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South African National Roads Agency SOC Limited v Fountain Civil Engineering (Pty) Ltd and Another (395/2020) [2021] ZASCA 118 (20 September 2021)

7 December 2021

On 20 September 2021 the SCA handed down judgment in which it upheld an appeal by SANRAL to a judgment by the Gauteng Division of the High Court where the court granted an interdict restraining SANRAL from making a claim under a performance guarantee pending arbitration proceedings.

The facts of the case
On 30 September 2016, the South African National Roads Agency SOC Limited (SANRAL) and Fountain Civil Engineering (Pty) Ltd (FCE) entered into a written agreement for certain improvements to a section of the R23 Freeway near Standerton based on the FIDIC RED BOOK 1999 edition (the “Contract”). The Contract required FCE to obtain performance security to the value of 10% of the contract sum. Lombard Insurance Co Ltd issued the guarantee.
FCE did not complete the works and issued a notice of termination to SANRAL on 15 October 2018 due to community unrest, riot, commotion, lockout and disorder in the area; a misrepresentation of the site conditions; and a failure to assess multiple claims for extensions of time. FCE informed SANRAL that it would cease all work and remove its machines and personnel from the site.

The parties engaged in discussions concerning the resumption of the works following the notice of termination, but to no success. Consequently, FCE confirmed its election to terminate the Contract. In response, SANRAL alleged that it had given FCE a notice of termination on 15 May 2019 in terms of clause 15.2 on the basis that FCE and its subcontractor had, inter alia, abandoned the site and the conditions complained of were caused by FCE’s subcontractor. In addition, SANRAL informed FCE of its intention to claim under the guarantee. In June 2019, FCE applied to the Gauteng Division of the High Court Pretoria (the “High Court”) for an order interdicting SANRAL from making a claim.

The issue
The appeal court had to consider whether the court a quo was correct in granting an interdict restraining the beneficiary (of an unconditional performance guarantee) from making a claim under the guarantee pending arbitration proceedings.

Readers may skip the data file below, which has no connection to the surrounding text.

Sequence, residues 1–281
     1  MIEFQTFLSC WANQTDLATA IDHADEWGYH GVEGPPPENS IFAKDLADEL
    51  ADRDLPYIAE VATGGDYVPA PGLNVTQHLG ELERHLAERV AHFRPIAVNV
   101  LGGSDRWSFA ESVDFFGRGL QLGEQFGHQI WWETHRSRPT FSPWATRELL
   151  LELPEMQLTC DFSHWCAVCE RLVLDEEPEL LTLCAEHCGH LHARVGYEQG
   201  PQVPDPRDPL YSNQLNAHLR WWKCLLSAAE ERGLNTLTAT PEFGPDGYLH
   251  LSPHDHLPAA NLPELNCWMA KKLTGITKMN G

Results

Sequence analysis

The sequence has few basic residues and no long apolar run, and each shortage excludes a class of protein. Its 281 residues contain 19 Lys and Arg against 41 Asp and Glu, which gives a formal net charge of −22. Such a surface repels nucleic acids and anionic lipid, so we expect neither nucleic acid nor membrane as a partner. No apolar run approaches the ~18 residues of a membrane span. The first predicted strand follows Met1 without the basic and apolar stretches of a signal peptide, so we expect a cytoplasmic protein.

The High Court
In the Court a quo, FCE argued that a claim by SANRAL under the performance guarantee would be unlawful as SANRAL was precluded from claiming any amount under the guarantee except in the circumstances provided for in Clause 4.2 of the Contract. FCE submitted that it had a clear negative right against a claim of security unless the claim complied with the Contract and SANRAL’s claim did not so comply. It alleged that it had established a prima facie right to enforce the dispute resolution provisions of the Contract to resolve pending disputes prior to any claim by SANRAL.

SANRAL opposed the application on the basis that it was entitled to submit a claim under the performance guarantee as contemplated in clause 4.2(b) of the Contract due to FCE’s admission of liability to SANRAL for delay damages prior to its purported termination. It further argued that the indemnification provided in clause 4.2 against all damages, losses and expenses resulting from invalid claims on the performance guarantee was an adequate alternative remedy to an interdict.

The court found that FCE demonstrated a prima facie right to terminate the Contract based on force majeure due to community unrest or at the very least to have the legality of the termination be heard under the dispute resolution mechanisms. In doing so, it decided that “FCE established an irreparable harm and that it was favoured by the balance of convenience”. It ordered that SANRAL was interdicted from making a claim under the guarantee pending the outcome of arbitration proceedings to be instituted by the FCE within 21 days of the order.

The Appeal Court
The appeal court reaffirmed its decision in Joint Venture between Aveng (Africa) Pty Ltd and Strabag International GmbH v SANRAL and Another (“Aveng”), in which it was held that a performance guarantee in the same terms was unconditional and the contractor’s failure to complete the works on account of force majeure did not prevent SANRAL from making a demand on the performance guarantee.

In response to FCE’s contention to amend and grant what it viewed as a ‘lesser’ form of relief to that which was ordered in the high court (that SANRAL was precluded from invoking the guarantee pending a determination by the engineer), the court found that FCE failed to establish a prima facie right and the order sought on appeal was not in conformity with the case that SANRAL was called to meet. It affirmed its position in Aveng that a claim on a guarantee is permissible regardless of any disputes under the Contract and that the Contract does not require that an entitlement to the guarantee be proven before a demand can be made.

The court upheld the appeal with costs and set aside the court a quo’s order ordering the dismissal of the application with costs.

Though not expressly mentioned, it seems that the court agreed with the appellant’s contention that Clause 4.2 provides an alternative remedy to an interdict. This is affirmed by both this judgment and Aveng which highlighted the purpose of the indemnity in the clause. The clause provides a safeguard for the Contractor in the event of resultant damages, losses and expenses if the employer was not entitled to make the claim under the performance guarantee. Contractors have to be aware of the risk that there are very limited instances that an employer can be interdicted from drawing down on a guarantee.